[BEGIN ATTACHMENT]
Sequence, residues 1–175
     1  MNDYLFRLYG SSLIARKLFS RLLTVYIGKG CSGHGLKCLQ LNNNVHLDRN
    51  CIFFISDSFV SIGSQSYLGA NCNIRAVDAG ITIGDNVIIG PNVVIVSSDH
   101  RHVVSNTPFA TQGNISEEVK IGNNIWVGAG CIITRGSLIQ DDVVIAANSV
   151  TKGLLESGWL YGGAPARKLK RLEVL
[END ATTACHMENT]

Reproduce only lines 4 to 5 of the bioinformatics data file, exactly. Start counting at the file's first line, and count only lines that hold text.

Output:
   101  RHVVSNTPFA TQGNISEEVK IGNNIWVGAG CIITRGSLIQ DDVVIAANSV
   151  TKGLLESGWL YGGAPARKLK RLEVL